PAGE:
We next sought to analyse the phosphorylation of STIL by Plk4 to further investigate its biological relevance for centriole formation. We first conducted in vitro kinase assays with Plk4ΔPEST-FLAG and the indicated four STIL fragments, and found that the fragments STIL N3 and C were efficiently phosphorylated by Plk4ΔPEST-FLAG in vitro (Fig. 3a). Intriguingly, we found a significant shift in the mobility of the phosphorylated STIL C fragment due to hyper-phosphorylation by Plk4ΔPEST (Fig. 3a,b). Using mass spectrometry (MS) analysis and phospho-specific antibodies, we identified seven and five phosphorylated serine/threonine residues within the N3 and C fragments, respectively (Fig. 3a,c and Supplementary Fig. 3a–c). We next investigated whether STIL is also phosphorylated by Plk4 in vivo. We observed a shift in the mobility of endogenous STIL when expressing Plk4ΔPEST-FLAG in U2OS cells (Fig. 3d). The shift was abolished upon treatment of the cell lysate with λ-phosphatase, indicating that endogenous STIL proteins were phosphorylated by Plk4 in vivo (Fig. 3d). Similarly, we found a significant band shift of STIL N3C fragment in U2OS cells expressing Plk4ΔPEST-FLAG, which is suggestive of the occurrence of multiple phosphorylations on the STIL fragment (Fig. 3e). Importantly, in addition, the shift of STIL N3C was drastically attenuated by mutating all the identified phosphorylated residues to alanine, indicating that these sites can be phosphorylated in vivo (Fig. 3e).
We then set out to examine the biological relevance of these phosphorylation sites for STIL function. We first found that the mutation of all seven S/T residues in the STIL N3 region or all five S/T residues in the STIL C region to alanine did not affect the interaction between Plk4 and STIL (Supplementary Fig. 4a–d,f). Moreover, since the N3 region of STIL is sufficient for binding to Plk4 (Fig. 1e), we further analysed deletion mutants within the N3 and confirmed that the conserved coiled-coil domain is essential for the Plk4/STIL interaction (Fig. 1b–d and Supplementary Fig. 4a–c,f). However, when mutating the sole S/T residue, T727, within the CC to alanine, we still detected the Plk4/STIL interaction (Supplementary Fig. 4a,g). These data suggest that while Plk4 kinase activity itself seems to be critical for the interaction, the phosphorylation of STIL by Plk4 is possibly dispensable for the interaction. We speculate that Plk4 autophosphorylation27,28 can modulate the state of Plk4 self-assembly, leading to the direct binding to the CC domain of STIL.
Critical sites in the STAN for HsSAS-6 centriolar targeting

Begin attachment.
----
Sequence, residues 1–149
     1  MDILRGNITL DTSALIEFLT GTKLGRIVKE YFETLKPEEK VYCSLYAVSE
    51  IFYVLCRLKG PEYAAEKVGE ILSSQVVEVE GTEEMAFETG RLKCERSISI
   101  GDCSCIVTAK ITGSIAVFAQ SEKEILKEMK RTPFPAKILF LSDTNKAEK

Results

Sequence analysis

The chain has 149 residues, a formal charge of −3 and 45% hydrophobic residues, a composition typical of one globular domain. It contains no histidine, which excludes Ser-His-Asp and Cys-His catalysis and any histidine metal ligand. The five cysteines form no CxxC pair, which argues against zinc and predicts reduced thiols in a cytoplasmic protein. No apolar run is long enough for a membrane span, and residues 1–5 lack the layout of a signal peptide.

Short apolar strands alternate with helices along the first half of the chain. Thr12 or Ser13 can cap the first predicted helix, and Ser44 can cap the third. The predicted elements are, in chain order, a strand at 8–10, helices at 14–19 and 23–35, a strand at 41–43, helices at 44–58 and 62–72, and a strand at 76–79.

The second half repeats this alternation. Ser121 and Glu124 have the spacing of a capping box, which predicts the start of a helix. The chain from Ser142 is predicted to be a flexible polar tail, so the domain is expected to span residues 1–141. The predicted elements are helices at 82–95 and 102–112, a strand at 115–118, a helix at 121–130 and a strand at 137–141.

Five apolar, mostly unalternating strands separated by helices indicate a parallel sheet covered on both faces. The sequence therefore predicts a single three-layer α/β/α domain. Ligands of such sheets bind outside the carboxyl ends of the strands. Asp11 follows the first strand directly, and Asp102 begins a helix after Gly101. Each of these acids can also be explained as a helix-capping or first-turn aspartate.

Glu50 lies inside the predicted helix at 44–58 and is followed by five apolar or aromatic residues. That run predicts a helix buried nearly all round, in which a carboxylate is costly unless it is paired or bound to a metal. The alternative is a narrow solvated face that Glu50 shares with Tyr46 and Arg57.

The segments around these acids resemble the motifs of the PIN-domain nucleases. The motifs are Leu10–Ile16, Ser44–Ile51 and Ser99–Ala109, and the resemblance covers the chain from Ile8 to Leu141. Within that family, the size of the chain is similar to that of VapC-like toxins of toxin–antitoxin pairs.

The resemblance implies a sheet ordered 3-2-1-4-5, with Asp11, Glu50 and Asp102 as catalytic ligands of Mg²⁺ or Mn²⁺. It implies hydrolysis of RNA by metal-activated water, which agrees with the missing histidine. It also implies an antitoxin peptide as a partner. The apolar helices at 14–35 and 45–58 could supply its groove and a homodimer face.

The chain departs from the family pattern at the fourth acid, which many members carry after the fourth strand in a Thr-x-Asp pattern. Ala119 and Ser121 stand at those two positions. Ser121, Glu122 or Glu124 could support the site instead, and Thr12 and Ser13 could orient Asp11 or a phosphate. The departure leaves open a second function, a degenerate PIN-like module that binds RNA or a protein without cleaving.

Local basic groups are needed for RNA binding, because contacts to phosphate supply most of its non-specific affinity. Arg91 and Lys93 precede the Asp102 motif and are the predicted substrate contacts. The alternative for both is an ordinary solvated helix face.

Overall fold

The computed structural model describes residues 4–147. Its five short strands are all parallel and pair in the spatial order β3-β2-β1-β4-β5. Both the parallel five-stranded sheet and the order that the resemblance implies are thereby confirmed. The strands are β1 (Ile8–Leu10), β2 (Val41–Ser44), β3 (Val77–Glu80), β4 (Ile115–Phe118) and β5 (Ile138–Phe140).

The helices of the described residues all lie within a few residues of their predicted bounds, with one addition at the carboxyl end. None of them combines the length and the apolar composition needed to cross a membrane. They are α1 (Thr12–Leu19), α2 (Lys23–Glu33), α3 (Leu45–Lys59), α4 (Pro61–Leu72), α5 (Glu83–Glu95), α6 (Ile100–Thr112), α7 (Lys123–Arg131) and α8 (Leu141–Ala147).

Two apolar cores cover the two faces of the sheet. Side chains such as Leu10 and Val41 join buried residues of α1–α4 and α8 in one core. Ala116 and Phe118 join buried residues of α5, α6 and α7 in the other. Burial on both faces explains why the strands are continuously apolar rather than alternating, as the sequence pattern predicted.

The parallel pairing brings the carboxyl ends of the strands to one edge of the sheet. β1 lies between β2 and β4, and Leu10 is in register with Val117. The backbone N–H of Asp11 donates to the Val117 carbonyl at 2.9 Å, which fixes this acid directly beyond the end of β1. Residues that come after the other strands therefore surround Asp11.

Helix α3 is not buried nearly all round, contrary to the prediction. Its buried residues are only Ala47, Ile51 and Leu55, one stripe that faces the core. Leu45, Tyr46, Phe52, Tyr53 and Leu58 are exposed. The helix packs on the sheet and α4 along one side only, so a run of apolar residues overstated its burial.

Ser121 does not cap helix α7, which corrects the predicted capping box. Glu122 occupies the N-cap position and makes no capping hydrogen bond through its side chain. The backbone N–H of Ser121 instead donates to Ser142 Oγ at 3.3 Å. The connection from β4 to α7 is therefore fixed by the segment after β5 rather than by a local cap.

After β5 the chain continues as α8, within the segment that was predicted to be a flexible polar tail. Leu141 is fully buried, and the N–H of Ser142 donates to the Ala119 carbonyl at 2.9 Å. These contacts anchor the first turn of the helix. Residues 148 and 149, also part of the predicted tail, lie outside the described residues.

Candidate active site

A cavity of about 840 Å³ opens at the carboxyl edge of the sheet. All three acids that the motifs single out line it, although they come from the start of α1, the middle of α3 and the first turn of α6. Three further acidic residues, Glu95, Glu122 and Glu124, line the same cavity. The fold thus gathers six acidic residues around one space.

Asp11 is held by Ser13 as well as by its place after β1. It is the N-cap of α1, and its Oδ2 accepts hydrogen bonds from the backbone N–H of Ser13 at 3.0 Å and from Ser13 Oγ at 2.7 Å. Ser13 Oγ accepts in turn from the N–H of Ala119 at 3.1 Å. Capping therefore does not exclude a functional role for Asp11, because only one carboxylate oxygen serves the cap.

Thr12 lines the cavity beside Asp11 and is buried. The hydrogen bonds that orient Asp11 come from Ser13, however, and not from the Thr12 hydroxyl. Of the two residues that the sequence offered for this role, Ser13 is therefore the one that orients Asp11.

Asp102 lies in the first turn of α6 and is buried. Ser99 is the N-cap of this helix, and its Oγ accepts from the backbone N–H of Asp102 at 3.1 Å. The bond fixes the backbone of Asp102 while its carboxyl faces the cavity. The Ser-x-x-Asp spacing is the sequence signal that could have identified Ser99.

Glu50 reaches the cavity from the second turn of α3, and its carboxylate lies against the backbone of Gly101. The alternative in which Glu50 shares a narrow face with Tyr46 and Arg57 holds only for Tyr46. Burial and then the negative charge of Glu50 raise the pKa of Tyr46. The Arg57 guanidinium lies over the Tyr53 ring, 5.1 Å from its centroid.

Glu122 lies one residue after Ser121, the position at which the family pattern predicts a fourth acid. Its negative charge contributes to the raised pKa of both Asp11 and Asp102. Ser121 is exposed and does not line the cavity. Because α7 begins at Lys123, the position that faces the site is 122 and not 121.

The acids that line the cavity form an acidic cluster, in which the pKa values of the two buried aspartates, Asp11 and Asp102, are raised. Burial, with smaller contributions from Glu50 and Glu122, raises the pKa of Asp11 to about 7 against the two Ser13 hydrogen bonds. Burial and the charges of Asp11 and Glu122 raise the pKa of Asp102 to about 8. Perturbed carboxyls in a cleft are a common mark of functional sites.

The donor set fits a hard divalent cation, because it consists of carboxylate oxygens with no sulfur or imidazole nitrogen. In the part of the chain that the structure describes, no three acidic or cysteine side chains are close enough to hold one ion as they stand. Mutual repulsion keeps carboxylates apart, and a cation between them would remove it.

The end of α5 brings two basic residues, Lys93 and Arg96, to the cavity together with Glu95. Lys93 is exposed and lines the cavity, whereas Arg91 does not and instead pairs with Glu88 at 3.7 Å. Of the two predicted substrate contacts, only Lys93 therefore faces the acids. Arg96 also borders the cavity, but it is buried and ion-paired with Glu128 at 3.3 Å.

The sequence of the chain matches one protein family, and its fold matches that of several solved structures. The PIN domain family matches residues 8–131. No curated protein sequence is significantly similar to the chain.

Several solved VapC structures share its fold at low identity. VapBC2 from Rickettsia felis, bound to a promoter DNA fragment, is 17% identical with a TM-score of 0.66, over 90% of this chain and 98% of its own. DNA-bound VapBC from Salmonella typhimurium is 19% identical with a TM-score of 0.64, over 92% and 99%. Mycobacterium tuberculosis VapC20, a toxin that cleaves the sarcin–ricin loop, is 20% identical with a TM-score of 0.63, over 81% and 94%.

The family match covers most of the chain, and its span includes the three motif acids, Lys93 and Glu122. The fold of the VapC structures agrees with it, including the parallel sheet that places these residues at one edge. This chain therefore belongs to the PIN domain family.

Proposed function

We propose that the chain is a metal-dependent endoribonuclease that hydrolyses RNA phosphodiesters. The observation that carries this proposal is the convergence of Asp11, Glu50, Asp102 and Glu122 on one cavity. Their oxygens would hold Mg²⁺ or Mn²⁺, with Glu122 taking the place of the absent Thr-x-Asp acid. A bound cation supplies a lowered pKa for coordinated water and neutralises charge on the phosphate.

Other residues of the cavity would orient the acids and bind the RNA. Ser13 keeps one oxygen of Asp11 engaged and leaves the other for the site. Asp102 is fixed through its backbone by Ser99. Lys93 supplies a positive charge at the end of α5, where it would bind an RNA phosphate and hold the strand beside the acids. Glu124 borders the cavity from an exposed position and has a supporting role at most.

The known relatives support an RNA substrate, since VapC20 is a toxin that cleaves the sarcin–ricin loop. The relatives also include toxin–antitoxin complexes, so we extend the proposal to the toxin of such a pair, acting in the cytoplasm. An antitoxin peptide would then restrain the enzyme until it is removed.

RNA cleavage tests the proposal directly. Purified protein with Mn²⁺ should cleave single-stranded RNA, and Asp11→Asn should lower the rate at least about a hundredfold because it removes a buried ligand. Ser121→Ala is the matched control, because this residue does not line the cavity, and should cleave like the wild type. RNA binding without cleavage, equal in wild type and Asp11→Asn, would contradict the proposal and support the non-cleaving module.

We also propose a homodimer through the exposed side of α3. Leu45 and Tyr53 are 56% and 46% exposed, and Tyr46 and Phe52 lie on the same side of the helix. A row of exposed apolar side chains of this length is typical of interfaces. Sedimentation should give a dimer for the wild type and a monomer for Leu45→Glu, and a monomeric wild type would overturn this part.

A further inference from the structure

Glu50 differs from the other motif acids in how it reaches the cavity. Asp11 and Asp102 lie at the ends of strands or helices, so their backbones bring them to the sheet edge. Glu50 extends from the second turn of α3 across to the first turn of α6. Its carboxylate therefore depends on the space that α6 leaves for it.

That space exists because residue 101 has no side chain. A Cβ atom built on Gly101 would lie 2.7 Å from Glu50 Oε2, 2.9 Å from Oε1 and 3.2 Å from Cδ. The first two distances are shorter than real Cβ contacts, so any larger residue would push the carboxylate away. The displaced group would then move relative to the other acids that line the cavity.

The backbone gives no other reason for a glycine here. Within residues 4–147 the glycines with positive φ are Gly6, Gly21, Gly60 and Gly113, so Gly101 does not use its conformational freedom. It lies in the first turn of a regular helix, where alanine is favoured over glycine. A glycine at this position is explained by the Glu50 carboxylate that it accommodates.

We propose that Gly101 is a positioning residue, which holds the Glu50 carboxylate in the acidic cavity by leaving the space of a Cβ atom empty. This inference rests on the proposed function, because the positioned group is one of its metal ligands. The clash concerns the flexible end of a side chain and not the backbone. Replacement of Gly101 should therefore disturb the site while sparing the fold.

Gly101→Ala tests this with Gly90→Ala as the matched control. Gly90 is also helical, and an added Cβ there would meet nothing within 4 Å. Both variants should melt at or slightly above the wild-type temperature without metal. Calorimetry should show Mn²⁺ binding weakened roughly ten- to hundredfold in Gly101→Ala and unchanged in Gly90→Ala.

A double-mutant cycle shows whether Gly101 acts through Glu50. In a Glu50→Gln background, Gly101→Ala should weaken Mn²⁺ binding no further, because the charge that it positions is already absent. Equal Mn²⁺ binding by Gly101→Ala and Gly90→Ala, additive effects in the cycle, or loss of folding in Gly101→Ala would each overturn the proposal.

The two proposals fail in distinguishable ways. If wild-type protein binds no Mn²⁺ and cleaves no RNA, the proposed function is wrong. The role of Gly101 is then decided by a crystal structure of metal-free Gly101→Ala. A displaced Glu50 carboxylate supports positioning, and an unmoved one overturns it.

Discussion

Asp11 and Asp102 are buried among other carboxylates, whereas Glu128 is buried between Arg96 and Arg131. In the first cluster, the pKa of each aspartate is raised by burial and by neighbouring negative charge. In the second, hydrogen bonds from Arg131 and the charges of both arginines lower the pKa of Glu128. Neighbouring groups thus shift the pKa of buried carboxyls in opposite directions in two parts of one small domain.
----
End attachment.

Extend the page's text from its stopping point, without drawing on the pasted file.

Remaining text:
Given that the phosphorylated STAN motif of STIL itself is sufficient for interacting with HsSAS-6 in vitro (Fig. 2f,g), we reasoned that S1061 and S1116 that are within the STAN motif and phosphorylated by Plk4 in vitro could be critical residues to mediate the STIL/HsSAS-6 interaction (Fig. 4a). To address this idea, we first conducted an alanine mutational scan for the S/T sites within the STAN motif, which led to the identification of three critical sites (S1061, S1116 and T1119) for the STIL/HsSAS-6 interaction in vitro (Fig. 4b and Supplementary Fig. 5a). As we could not find any evidence of phosphorylation at T1119 by MS, we assume that T1119 could be important for the structural arrangement of the STAN motif rather than being a phosphorylation site. Interestingly, S1061 and S1116 are the specific residues that are highly conserved from human STIL to Drosophila Ana2 (Fig. 4a), implying their biological significance throughout evolution. Second, we investigated whether alanine substitution mutants of the two phosphorylation sites of STIL have the ability to rescue the defect in the centriolar loading of HsSAS-6 and centriole formation when endogenous STIL proteins are depleted. Strikingly, we found that although mutating both residues to alanine did not affect centriolar targeting of STIL (Fig. 4c,d), expression of the S1061A, S1116A or 2A double mutant of STIL failed to rescue centriolar loading of HsSAS-6 and centriole formation in the cells depleted of endogenous STIL (centriolar HsSAS-6; ~4% for STIL 2A and ~78% for STIL WT: ≥4 centrin foci; ~2% for STIL 2A and ~50% for STIL WT; Fig. 4c,d and Supplementary Fig. 5b–f). On the other hand, expression of the STIL alanine mutants at three other MS-identified phosphorylation sites (S1181, T1238 or T1250) or the STIL deletion mutant lacking all the seven MS-identified phosphorylation sites in the N3 region mostly rescued the phenotype provoked by depletion of endogenous STIL (Supplementary Figs 4e and 5d–f). To further characterize the two critical phosphorylation sites in STIL, S1061 and S1116, we generated phosphomimetic mutants at these residues and investigated their function for centriole formation. Importantly, we found that expression of a phosphomimetic STIL mutant at S1061 under an attenuated human cytomegalovirus (CMV) promoter induced centriole overduplication more efficiently than that of STIL WT in the same condition (Supplementary Fig. 6a,b). Consistently, a phosphomimetic mutant at S1061 of the STIL STAN could interact with MBP-HsSAS-6 in vitro even without being phosphorylated by Plk4 (Supplementary Fig. 6c). On the other hand, introducing of a phosphomimetic mutation at S1116 impaired Plk4-mediated STIL/HsSAS-6 interaction in vitro, and centriolar targeting of HsSAS-6 in human cells (Supplementary Fig. 6d and data not shown). Given that the MS analysis revealed that this residue was phosphorylated by Plk4 in vitro and also that it is found to be phosphorylated in mammalian cells (PhosphoSitePlus database), we favour the possibility that substitution of S1116 to D/E could not mimic the phosphorylation state, but rather reduced the function of STIL. However, alternatively, it is also possible that S1116 is just critical for structural integrity of the STAN motif and/or its function independently of being phosphorylated. Taken together, we propose that S1061 and S1116 of STIL can be the most important phosphorylation sites for the STIL/HsSAS-6 interaction and resulting centriolar targeting of HsSAS-6 in procentriole formation.